DC Circuit Court decision underscores need for Congress to act on net neutrality
The U.S. Court of Appeals for the District of Columbia Circuit in Mozilla v. FCC upheld the Federal Communications Commission’s 2017 repeal of the net neutrality rules, but struck down the portion of the agency’s repeal order that preempted states from passing their own rules to enforce strong net neutrality protections. The court also remanded the FCC’s 2017 order back to the agency to address concerns about the repeal’s impact on public safety, the regulation of pole attachments, and the effect of broadband reclassification on the Lifeline Program.
The following can be attributed to Engine Executive Director Evan Engstrom:
“Today’s DC Circuit Court decision is disappointing, particularly because the court, like the FCC, failed to take seriously the reliance interests of startups, entrepreneurs, and investors on the FCC’s enforcement of net neutrality protections. The startup ecosystem has grown over the past decade precisely because of the FCC’s long history of using its authority to stop abusive ISP practices—authority the current FCC has now abandoned.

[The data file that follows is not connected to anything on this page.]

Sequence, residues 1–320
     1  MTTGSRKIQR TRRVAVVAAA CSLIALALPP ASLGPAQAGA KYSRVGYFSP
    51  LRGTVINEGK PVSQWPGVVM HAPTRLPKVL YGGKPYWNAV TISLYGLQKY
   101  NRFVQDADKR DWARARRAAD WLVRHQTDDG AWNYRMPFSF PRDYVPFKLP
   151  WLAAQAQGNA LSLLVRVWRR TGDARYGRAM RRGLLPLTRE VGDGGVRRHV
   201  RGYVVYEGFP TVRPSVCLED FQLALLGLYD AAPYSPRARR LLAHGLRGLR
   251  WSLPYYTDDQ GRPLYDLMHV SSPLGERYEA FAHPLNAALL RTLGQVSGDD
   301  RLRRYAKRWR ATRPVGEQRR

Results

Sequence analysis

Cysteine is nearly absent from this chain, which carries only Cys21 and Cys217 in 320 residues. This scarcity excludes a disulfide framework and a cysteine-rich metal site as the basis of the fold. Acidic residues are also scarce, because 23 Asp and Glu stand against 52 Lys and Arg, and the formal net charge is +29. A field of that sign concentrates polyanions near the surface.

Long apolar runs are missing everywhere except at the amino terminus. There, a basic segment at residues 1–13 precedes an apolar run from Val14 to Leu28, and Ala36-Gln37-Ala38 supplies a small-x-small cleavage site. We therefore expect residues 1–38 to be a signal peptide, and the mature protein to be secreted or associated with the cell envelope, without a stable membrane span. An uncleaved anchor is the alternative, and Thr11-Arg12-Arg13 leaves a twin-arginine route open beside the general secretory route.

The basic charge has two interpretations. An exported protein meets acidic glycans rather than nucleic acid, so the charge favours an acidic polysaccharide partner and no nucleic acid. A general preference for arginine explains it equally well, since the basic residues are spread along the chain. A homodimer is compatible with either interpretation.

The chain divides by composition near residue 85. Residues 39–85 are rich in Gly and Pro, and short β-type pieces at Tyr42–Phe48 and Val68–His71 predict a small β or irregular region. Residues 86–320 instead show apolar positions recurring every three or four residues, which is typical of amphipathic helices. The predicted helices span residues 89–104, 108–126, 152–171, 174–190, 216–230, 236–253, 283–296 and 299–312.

The court’s ruling is not all bad, however, as its rejection of the FCC’s attempt to preempt state laws will ensure that there is some regulatory check on ISP activities that harm edge providers. But preserving state authority to enact net neutrality rules does not remove the need for a uniform federal policy ensuring that all Americans have access to a free and open Internet.
In fact, the court’s decision underscores how important it is for Congress to take immediate action on the Save the Internet Act, which would fully restore the FCC’s strong 2015 net neutrality rules. The House voted to adopt this legislation in April, and it’s long past time for the Senate to act. Once that legislation passes, it will reinstate the FCC’s popular rules, and ensure that startups, entrepreneurs, and consumers all have equal and open access to the Internet.”